Five times during the 1840's pictures were painted of the Mississippi River that measured from four hundred and forty yards up to twelve hundred and fifty in length by four in height. Exhibited as moving newsreels or travelogues in St. Louis, Cincinnati, Louisville, New Orleans, and in many another city on their way to the eastern seaboard before they were carried to Europe, they entertained and instructed vast audiences and some of them earned considerable fortunes for their producers. They enjoyed a place in theatrical history and in the educational uses of art well recognized in their day, but long since they have been almost completely forgotten. Except for a few contemporary prints and a handful of recent articles, hardly a thing is known today of this once popular form.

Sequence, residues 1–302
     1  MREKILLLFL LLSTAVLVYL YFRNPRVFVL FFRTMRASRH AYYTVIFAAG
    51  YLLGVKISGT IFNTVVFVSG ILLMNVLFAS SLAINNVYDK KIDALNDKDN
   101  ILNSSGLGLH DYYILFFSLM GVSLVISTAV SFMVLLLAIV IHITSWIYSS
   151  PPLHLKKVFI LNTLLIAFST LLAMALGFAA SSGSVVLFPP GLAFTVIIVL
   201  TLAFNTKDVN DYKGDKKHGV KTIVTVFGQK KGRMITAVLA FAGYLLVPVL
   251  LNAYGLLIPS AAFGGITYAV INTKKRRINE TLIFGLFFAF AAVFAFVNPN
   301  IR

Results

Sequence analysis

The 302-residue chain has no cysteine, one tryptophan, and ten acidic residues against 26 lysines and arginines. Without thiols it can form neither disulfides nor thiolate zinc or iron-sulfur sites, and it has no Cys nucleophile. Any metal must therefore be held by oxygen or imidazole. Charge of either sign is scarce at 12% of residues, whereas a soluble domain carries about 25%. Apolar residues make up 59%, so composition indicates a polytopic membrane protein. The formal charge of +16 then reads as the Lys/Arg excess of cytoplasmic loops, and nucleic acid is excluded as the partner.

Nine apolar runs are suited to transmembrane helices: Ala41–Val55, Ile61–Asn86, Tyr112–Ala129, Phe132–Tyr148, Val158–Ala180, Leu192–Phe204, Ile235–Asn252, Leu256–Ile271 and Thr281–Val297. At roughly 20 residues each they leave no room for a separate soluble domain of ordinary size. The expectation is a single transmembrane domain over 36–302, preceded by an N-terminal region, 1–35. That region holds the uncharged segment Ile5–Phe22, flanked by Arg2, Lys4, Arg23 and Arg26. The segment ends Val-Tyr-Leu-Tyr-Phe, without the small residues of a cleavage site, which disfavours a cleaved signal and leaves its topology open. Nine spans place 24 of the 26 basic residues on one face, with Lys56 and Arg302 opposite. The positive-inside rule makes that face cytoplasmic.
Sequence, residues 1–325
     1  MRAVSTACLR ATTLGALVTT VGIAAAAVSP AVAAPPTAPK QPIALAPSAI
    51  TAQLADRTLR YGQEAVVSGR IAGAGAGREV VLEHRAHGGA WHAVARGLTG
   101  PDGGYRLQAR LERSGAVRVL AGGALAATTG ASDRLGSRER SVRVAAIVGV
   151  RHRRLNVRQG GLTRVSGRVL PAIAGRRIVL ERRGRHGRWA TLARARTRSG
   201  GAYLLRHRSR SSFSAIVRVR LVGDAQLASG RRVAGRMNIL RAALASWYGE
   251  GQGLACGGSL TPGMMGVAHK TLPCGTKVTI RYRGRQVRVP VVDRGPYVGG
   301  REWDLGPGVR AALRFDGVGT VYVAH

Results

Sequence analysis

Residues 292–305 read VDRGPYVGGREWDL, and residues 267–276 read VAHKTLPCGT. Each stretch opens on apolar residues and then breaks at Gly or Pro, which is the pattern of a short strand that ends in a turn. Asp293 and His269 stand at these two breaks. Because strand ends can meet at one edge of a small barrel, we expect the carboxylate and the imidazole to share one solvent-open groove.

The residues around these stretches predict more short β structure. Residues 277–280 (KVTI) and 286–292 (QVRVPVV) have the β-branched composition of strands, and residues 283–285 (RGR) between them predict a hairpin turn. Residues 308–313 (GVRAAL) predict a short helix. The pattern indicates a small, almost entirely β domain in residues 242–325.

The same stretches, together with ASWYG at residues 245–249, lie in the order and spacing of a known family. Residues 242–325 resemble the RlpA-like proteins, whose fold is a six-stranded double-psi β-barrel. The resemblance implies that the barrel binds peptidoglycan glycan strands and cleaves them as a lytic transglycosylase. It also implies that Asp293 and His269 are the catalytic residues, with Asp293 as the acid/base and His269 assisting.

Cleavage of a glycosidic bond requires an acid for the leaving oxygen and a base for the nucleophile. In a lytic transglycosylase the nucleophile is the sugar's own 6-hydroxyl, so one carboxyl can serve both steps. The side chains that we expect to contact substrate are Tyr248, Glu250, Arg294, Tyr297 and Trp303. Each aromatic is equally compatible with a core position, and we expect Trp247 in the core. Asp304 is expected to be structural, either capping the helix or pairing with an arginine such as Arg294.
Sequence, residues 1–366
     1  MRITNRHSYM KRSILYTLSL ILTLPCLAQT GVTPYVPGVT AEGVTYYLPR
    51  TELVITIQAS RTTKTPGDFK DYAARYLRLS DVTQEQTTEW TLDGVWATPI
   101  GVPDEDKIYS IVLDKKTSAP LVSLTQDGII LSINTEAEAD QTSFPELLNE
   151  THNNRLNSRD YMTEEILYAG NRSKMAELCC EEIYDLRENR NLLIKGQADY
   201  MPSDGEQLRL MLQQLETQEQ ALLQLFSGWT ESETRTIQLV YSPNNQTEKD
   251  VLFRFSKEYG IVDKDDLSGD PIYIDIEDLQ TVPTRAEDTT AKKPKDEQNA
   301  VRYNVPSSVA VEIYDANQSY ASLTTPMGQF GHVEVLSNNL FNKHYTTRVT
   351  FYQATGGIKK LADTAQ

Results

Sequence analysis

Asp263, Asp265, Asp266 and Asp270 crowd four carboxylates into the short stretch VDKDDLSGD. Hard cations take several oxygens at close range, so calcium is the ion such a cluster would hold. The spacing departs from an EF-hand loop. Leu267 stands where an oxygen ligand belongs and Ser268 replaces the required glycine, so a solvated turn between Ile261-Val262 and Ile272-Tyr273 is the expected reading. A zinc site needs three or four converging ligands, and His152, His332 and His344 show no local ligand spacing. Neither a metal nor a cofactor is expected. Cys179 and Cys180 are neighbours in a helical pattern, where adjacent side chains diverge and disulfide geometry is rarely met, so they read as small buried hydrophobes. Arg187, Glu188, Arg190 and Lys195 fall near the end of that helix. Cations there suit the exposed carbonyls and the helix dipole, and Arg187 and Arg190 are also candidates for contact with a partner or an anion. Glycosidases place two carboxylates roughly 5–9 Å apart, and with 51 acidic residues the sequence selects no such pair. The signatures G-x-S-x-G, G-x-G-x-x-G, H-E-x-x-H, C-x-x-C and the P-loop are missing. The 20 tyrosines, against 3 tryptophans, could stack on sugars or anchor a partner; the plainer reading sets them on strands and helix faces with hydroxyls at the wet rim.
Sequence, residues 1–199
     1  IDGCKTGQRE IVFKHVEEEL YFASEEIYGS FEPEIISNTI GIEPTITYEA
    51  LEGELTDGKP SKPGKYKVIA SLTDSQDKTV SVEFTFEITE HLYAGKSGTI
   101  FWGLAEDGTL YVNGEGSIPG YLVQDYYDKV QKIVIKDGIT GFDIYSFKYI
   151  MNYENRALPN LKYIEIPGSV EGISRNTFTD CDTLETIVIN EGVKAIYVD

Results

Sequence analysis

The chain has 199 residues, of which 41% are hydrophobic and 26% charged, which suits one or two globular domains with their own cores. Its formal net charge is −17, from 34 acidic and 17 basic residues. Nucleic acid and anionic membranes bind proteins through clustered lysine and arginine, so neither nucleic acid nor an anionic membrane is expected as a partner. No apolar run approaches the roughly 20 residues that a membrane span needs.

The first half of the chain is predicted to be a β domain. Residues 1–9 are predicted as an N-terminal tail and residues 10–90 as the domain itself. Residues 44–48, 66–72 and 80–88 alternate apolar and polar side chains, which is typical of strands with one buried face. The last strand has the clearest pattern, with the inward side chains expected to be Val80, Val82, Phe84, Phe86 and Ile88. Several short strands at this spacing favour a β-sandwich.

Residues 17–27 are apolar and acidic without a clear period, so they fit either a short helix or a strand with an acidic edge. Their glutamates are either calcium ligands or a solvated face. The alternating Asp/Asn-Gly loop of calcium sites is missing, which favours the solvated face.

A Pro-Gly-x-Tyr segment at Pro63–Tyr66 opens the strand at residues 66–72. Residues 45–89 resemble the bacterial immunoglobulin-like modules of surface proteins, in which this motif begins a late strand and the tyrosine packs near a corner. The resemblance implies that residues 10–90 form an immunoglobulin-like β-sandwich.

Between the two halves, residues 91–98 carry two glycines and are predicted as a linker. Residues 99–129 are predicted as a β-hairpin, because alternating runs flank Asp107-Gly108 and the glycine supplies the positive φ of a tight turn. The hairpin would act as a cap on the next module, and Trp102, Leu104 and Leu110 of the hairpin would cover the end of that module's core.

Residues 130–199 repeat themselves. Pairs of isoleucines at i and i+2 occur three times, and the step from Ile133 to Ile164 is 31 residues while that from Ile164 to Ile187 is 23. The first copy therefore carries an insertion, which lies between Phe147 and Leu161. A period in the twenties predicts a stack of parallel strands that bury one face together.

Many long years ago my interest was aroused in this subject by the numerous accounts I found of the pictures in the St. Louis newspapers of the period, for all of the artists had career connections with St. Louis, two of the panoramas had been painted there, and three of them exhibited in the home